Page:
Help - cut off LTD - is there any test they'll respect?

Discussion in 'Fibromyalgia Main Forum' started by Sunspot, Sep 2, 2008.

  1. Sunspot

    Sunspot New Member


    I just got cut off LTD, which I've been on for 4 or 5 years... The reason they're giving is that there's no clinical evidence that I'm sick. (There wasn't before, either, but they're not talking about that.)

    Can anyone suggest a medical test I could have that would show that I have a serious illness? I can't afford the RedLabs tests, and anyway I'm not sure the LTD company would agree that it proved anything if it's not that well-known and accepted yet.

    I will appeal their decision, but I wonder if getting a Neuropsychological evaluation or virus titres or a sleep study or ?? something else might help them to change their minds before it comes to that.

    Thanks for any help!
    [This Message was Edited on 09/02/2008]
  2. PVLady

    PVLady New Member

    Have you been seeing a doctor regularly over the past 4-5 years? Those medical records would certainly be your proof.

    If you are paying yourself for tests it can be extremely expensive.

  3. Sunspot

    Sunspot New Member

    PVLady - unfortunately I've had 4 or 5 different doctors over the last few years, and 2 of them didn't believe in CFS (they were locums for the good one that went on maternity leave and didn't come back). My main problem has been deep exhaustion, and I didn't keep going in to tell my unhelpful doctors about it. Mostly I did my own research into alternative methods and saw a naturopath, acupuncturist, etc. I can see that it might be wise to start seeing my doctor more regularly and listing all my symptoms when I go in.

    Thanks, Caledonia... I'm in Canada and applied two years ago for what I imagine is our equivalent, and thank goodness I'm receiving it... it's enough to pay the rent, but not to eat or do anything else, but at least that's a help while I'm waiting for the appeal! I will think about a lawyer...

    What an excellent idea, to ask them what tests they want to see! Thanks for that, I'll do it right away.

    Thanks for your suggestions.
    [This Message was Edited on 09/03/2008]
  4. wildflowers2

    wildflowers2 New Member

    First, you need a copy of your policy. Remember LTD is merely a company making money for their stock holders.

    What might happen if you appeal is they jerk you around for 2 more years and deny you again. just a warning.
    it happened to me. I had all my records etc.....and an attorney to fight it and
    still denied.

    Seek legal advice.
  5. Sunspot

    Sunspot New Member

    Wildflowers2 -- Thanks, I will ask for a copy of the policy... Were you able to fight it the second time you were denied?

    I admit I really thought that LTD policy with regard to CFS patients had improved since the bad old days when they didn't believe we were sick... But I'm beginning to realize they're not in the business of giving away money without a fight...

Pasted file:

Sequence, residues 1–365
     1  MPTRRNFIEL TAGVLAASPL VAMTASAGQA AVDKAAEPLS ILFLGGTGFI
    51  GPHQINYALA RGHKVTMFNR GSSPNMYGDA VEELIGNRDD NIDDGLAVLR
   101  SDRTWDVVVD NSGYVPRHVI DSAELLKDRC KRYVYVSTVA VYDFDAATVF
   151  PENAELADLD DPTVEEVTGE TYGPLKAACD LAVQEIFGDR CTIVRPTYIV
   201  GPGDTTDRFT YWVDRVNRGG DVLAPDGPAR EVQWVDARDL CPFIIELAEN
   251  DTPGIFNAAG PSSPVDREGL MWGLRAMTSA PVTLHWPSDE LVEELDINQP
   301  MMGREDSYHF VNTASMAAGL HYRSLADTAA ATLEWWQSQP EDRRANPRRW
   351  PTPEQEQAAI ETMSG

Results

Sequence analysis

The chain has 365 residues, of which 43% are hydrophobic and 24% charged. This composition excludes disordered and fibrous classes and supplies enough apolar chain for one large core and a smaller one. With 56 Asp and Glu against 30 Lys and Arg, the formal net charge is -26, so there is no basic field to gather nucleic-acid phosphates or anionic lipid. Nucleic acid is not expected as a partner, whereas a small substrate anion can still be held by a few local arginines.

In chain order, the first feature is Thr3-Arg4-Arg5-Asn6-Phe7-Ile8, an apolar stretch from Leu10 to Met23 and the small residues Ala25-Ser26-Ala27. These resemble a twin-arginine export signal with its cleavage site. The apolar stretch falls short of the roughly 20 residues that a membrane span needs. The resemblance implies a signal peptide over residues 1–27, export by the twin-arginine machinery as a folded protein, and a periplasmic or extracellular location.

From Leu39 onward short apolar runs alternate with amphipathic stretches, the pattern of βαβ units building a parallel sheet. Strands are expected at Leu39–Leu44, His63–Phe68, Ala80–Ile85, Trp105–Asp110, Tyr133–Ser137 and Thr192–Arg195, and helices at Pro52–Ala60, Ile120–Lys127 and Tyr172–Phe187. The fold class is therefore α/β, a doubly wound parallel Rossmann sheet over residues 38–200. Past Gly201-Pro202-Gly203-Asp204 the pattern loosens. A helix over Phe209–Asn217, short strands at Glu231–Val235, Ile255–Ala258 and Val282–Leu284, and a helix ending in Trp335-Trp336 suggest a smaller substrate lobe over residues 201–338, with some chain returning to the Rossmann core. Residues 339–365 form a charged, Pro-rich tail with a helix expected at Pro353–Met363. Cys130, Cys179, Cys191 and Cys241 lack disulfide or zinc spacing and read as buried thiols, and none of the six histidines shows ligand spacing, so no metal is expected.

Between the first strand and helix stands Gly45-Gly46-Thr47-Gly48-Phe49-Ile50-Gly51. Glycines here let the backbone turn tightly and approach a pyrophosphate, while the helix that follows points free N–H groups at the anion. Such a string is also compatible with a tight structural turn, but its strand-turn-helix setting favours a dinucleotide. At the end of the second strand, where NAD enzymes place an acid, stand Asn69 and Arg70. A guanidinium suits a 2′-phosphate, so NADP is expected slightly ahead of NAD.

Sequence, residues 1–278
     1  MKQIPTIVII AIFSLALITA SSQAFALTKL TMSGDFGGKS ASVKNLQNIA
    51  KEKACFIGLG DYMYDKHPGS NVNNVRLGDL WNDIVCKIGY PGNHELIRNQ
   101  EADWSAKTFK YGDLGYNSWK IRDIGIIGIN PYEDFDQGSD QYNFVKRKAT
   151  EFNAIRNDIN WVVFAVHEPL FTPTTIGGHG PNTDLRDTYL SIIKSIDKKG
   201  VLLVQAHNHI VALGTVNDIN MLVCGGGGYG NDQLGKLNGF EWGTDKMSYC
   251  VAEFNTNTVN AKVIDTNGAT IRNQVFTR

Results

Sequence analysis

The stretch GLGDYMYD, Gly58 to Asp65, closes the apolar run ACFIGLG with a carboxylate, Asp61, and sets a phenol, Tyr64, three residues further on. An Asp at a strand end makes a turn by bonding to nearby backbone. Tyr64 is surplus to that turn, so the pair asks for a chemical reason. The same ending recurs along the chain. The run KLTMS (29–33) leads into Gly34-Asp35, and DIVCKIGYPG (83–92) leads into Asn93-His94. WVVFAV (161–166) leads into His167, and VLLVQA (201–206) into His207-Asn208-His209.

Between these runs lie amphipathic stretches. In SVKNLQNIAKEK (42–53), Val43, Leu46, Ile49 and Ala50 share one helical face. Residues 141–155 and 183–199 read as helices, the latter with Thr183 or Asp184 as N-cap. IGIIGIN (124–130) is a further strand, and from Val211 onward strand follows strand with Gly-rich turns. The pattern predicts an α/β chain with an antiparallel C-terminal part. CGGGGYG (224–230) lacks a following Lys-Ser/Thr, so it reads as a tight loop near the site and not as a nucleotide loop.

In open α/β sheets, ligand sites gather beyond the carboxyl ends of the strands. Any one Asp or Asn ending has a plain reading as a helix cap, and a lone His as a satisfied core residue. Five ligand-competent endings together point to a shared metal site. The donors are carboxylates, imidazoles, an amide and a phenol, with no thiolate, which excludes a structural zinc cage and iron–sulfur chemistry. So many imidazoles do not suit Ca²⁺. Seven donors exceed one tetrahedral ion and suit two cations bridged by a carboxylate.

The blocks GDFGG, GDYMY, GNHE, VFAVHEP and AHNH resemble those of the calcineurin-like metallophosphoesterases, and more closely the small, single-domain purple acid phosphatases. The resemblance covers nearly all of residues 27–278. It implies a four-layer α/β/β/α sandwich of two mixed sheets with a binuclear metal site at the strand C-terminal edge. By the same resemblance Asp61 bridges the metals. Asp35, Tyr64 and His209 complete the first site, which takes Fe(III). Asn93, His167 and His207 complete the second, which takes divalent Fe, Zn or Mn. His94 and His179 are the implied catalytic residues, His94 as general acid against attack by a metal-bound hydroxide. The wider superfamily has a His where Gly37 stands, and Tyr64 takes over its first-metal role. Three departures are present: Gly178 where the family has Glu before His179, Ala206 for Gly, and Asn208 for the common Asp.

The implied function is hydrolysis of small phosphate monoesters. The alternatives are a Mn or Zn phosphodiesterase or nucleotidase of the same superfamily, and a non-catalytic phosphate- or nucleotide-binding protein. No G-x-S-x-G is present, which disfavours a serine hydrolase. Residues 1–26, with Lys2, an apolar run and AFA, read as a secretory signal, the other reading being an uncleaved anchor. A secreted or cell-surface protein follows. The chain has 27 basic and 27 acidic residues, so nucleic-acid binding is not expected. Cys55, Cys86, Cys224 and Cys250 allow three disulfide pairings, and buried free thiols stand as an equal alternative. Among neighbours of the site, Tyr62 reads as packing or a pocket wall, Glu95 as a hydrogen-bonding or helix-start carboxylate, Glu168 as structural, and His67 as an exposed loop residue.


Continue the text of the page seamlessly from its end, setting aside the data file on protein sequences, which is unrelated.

I can't see getting a lawyer as an option right now. I have no money to pay fees, and as I was just cut off the contingency would be very little, so I can't see anyone choosing to take on the case.

  6. wildflowers2

    wildflowers2 New Member

    NOPE, I wasted 2 years of fighting and attorney fees.what they do is send all your records to an independent doctor and shrink- the shrink is form CA and he does is inusrance claims.

    And deny you. I had a host of mistakes they made re appealed and NOTHING!

    I had CFS/FM/depression/ptsd, and a few other things.

    Just dont get your hopes up as I did......

    DO your homework.
    I wish I had better to tell you....

    OH if you get denied you have the right to request every shried in your LTD files..Send a letter- registerd .certified return receipt


    I wish you luck


  7. mezombie

    mezombie Member

    Google Disinissues.
  8. dragon06

    dragon06 New Member

    There are lawyers that will take the case and don't get paid unless you win. You can try looking into these type of lawyers.

    Also all your medical records are important even if you did see a couple of different doctors I would still get them. Also get any reports or letters that you can from your naturopath and accupuncturist. These could be helpful.
  9. TXFMmom

    TXFMmom New Member

    I had been diagnosed with CFS and FM for over twelve years.

    I had the fatigue and the fog, the pain, the sleep difficulties, etc. but I also had infections of all types which did not respond well to antibiotics. I had bronchitis once and begged my doc to give me IV antibiotics and oxygen. I was a Certified Registered Nurse Anesthetist, and I do not think they use Advanced Nurses to give Anesthesia in Canada, but I used to teach Anesthesia Residents Neuroanesthesia, which is highly specialized, here in the states.

    When a nurse says that, believe me, we are sick. They kept saying, no one more course of antibiotics. I had to take three ten day courses of antibiotics and still had some congestion. Then, I had staph skin infections, thrush, yeast everywhere. It could not and would not clear up.